(Yicai Global) April 21 -- Profits at China’s automotive firms may have dived by more than CNY50 billion (USD7.1 billion) combined in the first quarter due to the Chinese New Year holiday and the Covid-19 outbreak, according to a brokerage analyst.
Carmakers still need time for the market to return to normal, though it is on the right track, the analyst, who preferred to remain anonymous, told Yicai Global. Declining subsidies will also weigh on their comeback, he added.
“It was a special circumstance that affected first-quarter profit, but it is generally becoming harder for auto manufacturers to make money,” he said.
Industry profit tumbled 42 percent annually in the first two months to less than CNY37.1 billion, according to data from the National Bureau of Statistics. Retail sales over the first three months fell 30.3 percent to CNY636.2 billion (USD90 billion).
BAIC Motor has already projected first-quarter earnings may have fallen as much as 95 percent, blaming the Covid-19 pandemic’s impact on production and sales. Electric vehicle specialist BYD also expects net profit to decline between 80 percent and 93.3 percent to less than CNY150 million.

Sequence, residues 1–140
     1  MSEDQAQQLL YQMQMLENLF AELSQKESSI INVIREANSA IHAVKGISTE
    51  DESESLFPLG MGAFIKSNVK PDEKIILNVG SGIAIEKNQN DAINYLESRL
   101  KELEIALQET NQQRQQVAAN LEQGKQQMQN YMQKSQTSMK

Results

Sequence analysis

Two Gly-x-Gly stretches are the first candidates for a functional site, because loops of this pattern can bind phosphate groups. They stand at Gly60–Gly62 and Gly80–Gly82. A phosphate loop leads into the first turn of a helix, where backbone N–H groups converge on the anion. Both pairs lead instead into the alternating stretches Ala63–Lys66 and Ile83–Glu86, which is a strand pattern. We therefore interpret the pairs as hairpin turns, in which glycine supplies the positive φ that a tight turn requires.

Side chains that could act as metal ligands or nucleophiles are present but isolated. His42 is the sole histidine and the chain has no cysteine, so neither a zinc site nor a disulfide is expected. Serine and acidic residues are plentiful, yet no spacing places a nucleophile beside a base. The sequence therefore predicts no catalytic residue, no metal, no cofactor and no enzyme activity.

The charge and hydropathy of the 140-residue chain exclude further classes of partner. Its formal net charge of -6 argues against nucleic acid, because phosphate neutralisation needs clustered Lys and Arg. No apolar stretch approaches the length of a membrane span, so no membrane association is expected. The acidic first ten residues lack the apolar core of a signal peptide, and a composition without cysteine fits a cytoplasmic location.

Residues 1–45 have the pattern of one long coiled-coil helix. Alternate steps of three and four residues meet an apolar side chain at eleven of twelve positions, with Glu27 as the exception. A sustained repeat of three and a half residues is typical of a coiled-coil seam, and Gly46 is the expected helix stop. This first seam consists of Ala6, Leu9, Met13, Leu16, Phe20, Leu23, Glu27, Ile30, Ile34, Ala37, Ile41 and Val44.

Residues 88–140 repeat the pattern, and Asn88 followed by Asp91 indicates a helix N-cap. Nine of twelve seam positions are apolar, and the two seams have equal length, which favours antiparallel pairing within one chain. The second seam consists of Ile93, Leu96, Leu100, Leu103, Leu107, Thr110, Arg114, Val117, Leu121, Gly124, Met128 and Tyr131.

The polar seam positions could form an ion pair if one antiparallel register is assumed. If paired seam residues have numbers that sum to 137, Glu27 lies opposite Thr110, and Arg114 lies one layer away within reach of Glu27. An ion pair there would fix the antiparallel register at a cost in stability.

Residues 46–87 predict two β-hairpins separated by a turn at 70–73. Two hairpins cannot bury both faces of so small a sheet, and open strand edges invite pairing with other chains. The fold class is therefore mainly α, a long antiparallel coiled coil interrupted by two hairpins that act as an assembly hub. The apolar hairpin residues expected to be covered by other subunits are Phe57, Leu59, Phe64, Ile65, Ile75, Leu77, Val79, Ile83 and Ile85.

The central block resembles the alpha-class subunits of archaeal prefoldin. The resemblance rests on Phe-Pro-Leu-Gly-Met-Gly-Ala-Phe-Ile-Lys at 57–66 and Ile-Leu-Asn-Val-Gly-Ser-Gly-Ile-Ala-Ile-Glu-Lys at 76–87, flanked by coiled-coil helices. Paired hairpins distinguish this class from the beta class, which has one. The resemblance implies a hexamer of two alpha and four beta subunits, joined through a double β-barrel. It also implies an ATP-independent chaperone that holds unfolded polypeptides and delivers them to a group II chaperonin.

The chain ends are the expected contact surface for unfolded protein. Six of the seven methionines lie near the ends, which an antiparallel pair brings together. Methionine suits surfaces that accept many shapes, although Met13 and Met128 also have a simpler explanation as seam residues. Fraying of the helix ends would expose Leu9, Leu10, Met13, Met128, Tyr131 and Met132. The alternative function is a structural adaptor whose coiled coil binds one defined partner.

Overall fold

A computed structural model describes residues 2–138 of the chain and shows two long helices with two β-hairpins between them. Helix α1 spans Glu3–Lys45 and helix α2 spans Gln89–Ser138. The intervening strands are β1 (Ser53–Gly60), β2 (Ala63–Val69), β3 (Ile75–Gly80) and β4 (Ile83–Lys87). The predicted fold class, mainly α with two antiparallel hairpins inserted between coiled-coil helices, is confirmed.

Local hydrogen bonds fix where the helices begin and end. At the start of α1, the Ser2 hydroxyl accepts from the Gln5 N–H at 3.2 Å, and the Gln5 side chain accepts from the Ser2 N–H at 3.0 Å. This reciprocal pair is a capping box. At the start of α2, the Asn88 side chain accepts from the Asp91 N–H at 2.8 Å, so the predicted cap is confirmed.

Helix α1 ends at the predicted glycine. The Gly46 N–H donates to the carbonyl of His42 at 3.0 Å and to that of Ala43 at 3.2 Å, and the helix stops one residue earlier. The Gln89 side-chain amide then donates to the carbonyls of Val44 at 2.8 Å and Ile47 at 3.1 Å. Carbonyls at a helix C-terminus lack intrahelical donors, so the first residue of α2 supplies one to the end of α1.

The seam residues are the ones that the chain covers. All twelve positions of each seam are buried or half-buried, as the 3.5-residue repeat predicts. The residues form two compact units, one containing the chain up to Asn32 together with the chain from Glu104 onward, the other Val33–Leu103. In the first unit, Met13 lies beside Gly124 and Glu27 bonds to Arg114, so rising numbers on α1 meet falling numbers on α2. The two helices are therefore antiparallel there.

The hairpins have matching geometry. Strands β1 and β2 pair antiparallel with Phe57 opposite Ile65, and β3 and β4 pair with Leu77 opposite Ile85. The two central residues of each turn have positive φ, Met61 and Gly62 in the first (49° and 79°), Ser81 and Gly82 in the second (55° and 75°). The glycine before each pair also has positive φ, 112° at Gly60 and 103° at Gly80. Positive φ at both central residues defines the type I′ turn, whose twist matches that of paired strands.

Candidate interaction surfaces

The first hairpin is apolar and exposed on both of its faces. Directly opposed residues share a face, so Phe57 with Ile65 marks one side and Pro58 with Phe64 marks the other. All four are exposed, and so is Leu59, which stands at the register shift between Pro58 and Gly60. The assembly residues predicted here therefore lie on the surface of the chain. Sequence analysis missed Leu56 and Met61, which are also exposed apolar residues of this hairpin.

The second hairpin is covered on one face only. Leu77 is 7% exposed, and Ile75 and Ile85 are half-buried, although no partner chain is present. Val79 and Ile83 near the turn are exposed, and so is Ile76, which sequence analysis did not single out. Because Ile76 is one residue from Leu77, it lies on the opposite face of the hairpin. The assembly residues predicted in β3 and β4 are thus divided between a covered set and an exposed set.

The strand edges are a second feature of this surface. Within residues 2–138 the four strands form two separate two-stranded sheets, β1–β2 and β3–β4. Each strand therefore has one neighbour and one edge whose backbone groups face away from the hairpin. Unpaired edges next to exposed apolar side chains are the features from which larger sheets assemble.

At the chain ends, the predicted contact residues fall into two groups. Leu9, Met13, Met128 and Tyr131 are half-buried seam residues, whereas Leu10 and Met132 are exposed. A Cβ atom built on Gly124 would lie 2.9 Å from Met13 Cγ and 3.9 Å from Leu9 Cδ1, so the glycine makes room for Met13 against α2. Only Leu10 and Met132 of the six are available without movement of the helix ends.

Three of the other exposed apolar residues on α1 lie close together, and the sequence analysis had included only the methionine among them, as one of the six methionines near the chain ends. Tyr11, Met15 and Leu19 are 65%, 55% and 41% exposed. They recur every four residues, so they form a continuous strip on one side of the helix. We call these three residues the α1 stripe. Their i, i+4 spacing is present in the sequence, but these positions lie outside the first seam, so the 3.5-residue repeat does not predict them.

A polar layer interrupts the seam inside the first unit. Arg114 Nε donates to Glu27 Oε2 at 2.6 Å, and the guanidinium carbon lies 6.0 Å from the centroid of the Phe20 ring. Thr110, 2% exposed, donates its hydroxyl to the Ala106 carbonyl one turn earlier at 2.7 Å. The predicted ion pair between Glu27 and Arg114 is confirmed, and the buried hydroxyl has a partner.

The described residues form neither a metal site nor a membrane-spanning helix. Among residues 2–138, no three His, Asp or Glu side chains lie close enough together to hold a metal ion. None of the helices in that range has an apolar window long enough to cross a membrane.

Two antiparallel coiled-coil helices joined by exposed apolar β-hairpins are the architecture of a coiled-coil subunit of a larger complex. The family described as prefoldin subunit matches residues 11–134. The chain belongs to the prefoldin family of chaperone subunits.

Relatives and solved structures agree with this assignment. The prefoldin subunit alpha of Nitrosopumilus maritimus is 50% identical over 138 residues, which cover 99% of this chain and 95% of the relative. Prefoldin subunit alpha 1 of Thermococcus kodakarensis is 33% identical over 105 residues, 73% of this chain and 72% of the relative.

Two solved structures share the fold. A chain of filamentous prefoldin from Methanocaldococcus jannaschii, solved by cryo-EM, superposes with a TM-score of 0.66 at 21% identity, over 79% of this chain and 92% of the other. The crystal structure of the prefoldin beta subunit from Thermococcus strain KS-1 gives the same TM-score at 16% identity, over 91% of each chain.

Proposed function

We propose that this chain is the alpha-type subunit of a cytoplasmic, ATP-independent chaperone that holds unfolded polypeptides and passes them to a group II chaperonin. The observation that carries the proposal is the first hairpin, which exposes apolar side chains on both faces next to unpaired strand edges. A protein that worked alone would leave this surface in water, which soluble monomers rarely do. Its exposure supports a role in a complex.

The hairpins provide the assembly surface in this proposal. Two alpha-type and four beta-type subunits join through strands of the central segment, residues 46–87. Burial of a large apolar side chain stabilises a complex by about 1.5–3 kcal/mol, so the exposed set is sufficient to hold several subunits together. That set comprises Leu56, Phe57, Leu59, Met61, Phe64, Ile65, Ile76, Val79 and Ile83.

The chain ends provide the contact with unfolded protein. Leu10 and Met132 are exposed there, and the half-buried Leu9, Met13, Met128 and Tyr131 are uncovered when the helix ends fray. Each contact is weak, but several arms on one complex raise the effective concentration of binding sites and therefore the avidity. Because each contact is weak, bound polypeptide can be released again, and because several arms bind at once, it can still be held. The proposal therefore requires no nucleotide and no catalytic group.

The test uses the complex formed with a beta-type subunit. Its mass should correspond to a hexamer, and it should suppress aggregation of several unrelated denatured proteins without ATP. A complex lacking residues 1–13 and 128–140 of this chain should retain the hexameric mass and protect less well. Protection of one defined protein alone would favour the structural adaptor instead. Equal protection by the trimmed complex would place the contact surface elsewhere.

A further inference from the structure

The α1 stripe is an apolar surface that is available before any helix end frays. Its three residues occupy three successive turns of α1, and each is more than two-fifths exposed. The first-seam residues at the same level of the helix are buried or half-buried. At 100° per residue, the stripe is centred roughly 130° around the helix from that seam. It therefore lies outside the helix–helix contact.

These two and other companies were already struggling to expand profits last year after the local car market, the world’s largest, logged its first decline in two decades in 2018 and continued to wane in 2019. Many resorted to cutting prices to spur sales and win over buyers from other brands.
The virus’s drag on auto firms is not unique to China and companies around the globe will need to find ways to cut costs and become more efficient, the analyst added, saying it will be tough for any carmaker to be profitable this year.
China is at least showing some signs of recovery now new Covid-19 cases are slowing, according to General Secretary Cui Dongshu of the China Passenger Car Association. Some cities have also brought in new policies to stimulate sales, although these have not yet had a major impact.
The China Association of Automobile Manufacturers has also said there should be a major recovery in the second quarter but it will be difficult to return to the levels seen last year.
Editor: James Boynton